Apple's IPad 2 Provokes IT Anxiety

As exciting as the new iPad 2 is bound to be for both consumers and business users, some IT executives who will have to support the second-generation Apple tablet are already cringing.

As exciting as the new iPad 2 is bound to be for both consumers and business users, some IT executives who will have to support the second-generation Apple tablet are already cringing.

The iPad 2, set to be available on March 11, is faster, thinner and lighter than its predecessor tablet and includes two cameras for video. These and other new features and apps will likely lure many business users to try out the new device, several IT managers said.

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Therefore, it's inevitable that large IT shops will have to spend significant time and expense supporting them, the IT managers said.

Unfortunately for those IT executives, Apple and its CEO, Steve Jobs, didn't talk about such business concerns at the unveiling of the iPad 2 and iOS4.3 on Wednesday, analysts noted.

Generally speaking, the massive numbers of workers who are using consumer-focused products like tablets and smartphones for business tasks are already forcing their will on IT shops and the corporations they serve, some IT executives said this week.

"I have coined this 'the tyranny of consumerization,'" said Dave Codack, vice president of employee technology and network services at TD Bank Financial Group in Toronto. His group supports some 81,000 workers at the financial services firm.

Codack said his organization is currently testing the original iPad device along with Apple's iPhone smartphone for various company-related uses, and it plans to test the iPad 2 and the BlackBerry PlayBook tablet from Research In Motion that's slated to ship soon.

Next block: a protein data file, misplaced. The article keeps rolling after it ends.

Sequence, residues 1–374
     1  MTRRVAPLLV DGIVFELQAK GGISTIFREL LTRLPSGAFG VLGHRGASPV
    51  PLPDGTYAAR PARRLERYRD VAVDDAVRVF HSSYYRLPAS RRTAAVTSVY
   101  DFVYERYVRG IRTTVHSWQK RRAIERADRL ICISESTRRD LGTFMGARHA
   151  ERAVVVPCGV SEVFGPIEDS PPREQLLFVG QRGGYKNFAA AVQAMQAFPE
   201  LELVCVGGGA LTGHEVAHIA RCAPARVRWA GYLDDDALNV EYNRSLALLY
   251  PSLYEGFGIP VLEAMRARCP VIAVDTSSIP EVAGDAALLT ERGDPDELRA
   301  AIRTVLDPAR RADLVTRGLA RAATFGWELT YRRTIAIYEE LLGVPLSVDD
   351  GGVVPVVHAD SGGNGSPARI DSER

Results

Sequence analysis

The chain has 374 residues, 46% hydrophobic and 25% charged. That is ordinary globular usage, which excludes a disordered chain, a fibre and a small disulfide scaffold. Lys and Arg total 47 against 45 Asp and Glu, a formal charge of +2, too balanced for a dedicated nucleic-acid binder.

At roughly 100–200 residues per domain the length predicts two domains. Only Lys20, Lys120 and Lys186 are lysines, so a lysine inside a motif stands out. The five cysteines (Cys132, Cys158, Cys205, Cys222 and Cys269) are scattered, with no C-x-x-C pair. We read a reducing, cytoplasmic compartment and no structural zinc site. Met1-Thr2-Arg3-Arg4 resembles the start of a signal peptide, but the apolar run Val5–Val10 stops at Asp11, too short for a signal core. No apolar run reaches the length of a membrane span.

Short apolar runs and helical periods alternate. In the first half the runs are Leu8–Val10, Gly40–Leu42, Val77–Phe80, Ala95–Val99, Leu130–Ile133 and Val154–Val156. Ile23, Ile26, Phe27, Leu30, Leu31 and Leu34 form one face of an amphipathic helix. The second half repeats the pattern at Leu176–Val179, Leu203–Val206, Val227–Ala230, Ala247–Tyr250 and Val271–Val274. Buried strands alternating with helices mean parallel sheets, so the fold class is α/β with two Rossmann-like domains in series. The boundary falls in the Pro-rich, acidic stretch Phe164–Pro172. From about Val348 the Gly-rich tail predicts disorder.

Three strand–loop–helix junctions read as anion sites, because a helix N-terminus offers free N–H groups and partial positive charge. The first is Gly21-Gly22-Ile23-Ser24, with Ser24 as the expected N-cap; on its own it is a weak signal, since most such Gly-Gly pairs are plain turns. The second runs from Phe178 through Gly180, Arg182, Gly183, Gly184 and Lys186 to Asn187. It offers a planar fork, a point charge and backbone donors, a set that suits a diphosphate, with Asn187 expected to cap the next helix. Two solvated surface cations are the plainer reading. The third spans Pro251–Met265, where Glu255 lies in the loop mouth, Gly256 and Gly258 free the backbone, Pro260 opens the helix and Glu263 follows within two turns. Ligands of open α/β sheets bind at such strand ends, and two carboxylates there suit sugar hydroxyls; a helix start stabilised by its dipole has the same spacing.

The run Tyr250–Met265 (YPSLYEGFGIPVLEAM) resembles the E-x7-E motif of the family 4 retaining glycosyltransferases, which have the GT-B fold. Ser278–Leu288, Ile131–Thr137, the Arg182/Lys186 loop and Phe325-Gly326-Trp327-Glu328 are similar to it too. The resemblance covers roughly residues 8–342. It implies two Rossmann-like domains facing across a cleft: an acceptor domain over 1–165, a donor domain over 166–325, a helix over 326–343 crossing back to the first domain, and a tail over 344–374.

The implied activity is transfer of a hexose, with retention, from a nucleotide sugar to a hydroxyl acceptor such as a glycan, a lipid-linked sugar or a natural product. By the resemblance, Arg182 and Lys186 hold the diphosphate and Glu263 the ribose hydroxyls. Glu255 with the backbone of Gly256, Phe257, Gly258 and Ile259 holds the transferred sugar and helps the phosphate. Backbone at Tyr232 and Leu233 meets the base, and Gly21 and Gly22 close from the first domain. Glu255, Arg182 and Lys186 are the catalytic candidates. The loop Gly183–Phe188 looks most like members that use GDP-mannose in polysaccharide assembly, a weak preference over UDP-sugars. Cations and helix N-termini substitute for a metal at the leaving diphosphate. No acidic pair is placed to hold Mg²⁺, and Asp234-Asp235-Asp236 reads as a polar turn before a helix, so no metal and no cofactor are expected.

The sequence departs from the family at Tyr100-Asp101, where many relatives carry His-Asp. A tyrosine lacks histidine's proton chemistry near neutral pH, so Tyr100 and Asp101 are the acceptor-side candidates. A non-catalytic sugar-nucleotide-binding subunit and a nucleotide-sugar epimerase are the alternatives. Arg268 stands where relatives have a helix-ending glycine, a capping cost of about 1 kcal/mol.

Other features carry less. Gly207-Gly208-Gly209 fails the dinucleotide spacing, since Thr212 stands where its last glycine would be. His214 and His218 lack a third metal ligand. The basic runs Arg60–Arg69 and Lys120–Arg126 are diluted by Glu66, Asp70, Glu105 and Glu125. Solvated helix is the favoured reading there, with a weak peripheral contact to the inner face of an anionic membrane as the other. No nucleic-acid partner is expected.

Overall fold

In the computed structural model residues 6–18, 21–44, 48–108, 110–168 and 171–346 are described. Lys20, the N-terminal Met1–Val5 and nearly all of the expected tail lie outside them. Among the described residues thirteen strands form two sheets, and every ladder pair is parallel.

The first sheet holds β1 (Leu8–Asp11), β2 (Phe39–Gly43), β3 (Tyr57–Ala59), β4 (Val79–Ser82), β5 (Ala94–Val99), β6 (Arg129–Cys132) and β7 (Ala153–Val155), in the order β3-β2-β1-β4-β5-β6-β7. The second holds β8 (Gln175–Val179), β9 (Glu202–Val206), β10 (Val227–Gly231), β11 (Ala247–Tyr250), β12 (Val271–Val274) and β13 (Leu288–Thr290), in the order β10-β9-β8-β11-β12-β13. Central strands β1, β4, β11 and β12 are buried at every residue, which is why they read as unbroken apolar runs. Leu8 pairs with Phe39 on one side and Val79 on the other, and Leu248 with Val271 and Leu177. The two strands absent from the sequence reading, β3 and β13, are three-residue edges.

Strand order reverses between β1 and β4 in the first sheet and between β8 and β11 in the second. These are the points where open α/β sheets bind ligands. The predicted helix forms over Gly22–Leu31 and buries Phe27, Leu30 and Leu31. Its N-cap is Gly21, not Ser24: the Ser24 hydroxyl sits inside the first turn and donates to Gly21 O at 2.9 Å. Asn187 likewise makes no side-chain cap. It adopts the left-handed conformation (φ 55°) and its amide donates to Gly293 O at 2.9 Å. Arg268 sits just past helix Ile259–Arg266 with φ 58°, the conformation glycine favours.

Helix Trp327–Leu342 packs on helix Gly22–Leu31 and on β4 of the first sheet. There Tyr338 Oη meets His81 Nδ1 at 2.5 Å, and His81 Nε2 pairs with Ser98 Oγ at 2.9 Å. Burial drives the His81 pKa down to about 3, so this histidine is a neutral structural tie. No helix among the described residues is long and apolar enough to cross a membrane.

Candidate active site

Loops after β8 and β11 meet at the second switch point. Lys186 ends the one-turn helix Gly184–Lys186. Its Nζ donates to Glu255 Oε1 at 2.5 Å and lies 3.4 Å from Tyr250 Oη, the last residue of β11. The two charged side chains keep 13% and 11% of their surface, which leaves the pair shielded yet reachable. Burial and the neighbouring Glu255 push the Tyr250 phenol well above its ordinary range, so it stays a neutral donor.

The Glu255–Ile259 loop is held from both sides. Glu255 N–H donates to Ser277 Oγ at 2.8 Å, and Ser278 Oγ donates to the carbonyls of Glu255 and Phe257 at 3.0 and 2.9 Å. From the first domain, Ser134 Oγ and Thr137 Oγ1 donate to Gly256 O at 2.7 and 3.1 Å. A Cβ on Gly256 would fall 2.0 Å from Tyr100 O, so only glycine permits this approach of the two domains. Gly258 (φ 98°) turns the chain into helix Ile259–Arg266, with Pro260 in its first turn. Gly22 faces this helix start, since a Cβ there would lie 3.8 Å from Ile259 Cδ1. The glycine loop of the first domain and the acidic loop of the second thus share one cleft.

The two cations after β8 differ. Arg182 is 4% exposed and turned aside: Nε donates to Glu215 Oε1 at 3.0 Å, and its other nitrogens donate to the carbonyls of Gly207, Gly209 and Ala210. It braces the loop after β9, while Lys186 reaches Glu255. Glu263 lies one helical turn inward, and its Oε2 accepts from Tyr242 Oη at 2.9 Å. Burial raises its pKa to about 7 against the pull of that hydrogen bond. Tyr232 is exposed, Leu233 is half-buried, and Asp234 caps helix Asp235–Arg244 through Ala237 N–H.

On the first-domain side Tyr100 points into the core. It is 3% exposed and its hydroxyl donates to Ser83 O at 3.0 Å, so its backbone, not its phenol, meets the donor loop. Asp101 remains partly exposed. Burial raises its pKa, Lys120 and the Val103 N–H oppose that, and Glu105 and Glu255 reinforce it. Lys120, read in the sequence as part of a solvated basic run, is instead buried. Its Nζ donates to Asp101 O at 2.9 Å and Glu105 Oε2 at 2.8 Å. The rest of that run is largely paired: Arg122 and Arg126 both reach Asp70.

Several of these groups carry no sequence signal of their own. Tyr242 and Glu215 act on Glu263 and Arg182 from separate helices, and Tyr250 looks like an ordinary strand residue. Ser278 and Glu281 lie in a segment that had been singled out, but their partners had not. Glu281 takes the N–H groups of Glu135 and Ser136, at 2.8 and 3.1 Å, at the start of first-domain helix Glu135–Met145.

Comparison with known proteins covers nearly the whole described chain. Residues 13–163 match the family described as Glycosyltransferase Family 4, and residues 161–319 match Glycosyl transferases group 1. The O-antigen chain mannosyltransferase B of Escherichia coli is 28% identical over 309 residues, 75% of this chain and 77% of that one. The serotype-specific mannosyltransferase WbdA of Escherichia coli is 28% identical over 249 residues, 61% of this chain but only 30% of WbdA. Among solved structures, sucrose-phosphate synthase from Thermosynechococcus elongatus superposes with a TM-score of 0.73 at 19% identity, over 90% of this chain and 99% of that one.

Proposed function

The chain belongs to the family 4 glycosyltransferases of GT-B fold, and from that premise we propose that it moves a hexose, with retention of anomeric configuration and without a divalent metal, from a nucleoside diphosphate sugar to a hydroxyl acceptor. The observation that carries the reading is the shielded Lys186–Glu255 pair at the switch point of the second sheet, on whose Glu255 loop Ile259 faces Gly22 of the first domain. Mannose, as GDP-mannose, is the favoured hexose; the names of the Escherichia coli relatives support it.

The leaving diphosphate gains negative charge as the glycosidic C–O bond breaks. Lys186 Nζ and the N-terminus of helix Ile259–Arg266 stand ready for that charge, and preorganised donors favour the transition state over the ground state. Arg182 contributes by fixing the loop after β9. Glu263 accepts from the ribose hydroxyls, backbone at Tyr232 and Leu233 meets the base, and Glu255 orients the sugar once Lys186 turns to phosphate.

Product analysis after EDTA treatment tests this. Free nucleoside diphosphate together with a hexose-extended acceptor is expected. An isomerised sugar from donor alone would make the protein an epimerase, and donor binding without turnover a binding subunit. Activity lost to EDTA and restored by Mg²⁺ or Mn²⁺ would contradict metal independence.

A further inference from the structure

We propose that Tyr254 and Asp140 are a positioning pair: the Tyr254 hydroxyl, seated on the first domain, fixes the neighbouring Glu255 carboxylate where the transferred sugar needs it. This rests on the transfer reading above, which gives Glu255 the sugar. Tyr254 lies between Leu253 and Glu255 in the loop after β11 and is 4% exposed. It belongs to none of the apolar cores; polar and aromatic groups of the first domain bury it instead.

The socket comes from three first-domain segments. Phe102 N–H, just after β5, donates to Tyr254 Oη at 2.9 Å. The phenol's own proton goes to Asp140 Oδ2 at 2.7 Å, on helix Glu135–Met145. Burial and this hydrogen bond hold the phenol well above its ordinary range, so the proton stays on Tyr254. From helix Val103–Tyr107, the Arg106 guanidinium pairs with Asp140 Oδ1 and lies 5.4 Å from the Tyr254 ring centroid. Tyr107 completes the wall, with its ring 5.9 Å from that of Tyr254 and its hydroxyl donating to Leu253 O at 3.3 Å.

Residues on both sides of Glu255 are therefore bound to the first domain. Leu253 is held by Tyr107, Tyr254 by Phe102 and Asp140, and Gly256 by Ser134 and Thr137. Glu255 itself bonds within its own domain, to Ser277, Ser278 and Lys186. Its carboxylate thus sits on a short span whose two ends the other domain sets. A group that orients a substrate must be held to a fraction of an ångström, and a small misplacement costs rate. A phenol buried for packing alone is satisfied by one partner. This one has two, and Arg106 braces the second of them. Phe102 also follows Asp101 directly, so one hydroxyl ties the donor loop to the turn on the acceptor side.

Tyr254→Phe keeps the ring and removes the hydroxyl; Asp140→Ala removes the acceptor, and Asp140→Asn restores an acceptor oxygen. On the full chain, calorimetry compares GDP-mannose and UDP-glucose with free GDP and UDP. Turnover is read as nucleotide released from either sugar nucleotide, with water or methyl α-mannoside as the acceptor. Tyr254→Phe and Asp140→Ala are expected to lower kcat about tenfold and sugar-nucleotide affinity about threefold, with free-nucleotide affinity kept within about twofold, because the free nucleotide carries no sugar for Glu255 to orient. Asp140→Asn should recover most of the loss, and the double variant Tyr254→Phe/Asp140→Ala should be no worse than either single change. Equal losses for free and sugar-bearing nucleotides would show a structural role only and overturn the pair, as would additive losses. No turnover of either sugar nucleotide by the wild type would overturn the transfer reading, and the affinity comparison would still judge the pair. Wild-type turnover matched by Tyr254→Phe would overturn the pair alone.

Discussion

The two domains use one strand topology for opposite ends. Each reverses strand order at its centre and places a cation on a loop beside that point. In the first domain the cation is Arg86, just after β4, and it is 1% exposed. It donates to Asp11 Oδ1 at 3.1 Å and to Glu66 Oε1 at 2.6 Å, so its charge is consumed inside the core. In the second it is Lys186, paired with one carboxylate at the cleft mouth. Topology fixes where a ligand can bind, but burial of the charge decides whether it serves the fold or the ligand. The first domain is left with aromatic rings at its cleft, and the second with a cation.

Codack is not a Luddite, not even close, and says his IT staffers "seem to be excited" about the new dual-camera feature, dual processor, improved graphics and lighter weight of the iPad 2. "I believe this translates into additional perceived benefit for end users," he said.

But Codack quickly added that "frankly, the newer technology is making these devices more consumer-oriented. With employees using these devices in their day-to-day lives, it's inevitable they will expect enterprise support to eventually bridge these two worlds, which will put pressure on the internal technology organization to step up."

He said he called the process a form of tyranny because "the enterprise is not dictating technology with these devices; the revolt is coming from the end-user community."

Codack's point of view about consumer devices becoming workplace tools is not at all new but has been aggravated by Apple's iPad 2 announcement, some analysts noted. Apple had made a fairly big push to show enterprise friendliness in the iOS mobile software it unveiled last year, adding support for third-party VPNs used by corporations and other improvements.

However, analysts argued that more needs to be done to satisfy corporate IT needs.

"Yes, there's excitement for what iPad 2 brings to business users, [but there's also] disappointment for how hard Apple makes it for enterprise IT to deploy and manage," said Jack Gold, an analyst at J.Gold Associates. "Apple did not address this at all with iPad 2 or iOS 4.3. I think they missed an opportunity."

Apple might be planning other moves to satisfy enterprise needs, but IT managers will still have to work with third-party vendors such as Sybase, McAfee and MobileIron to manage and secure the iPad 2, Gold added.

Gartner analyst Ken Dulaney said that Apple apparently feels that "the consumer is going to drive the enterprise." While Apple encourages businesses to adopt the iPad, it "has no intention of becoming a Dell, an HP or Lenovo as far as enterprise support."

A company with workers using Apple products must either provide back-end support to a limited number of applications or reorganize their entire support model to meet Apple's way of doing business, Dulaney said.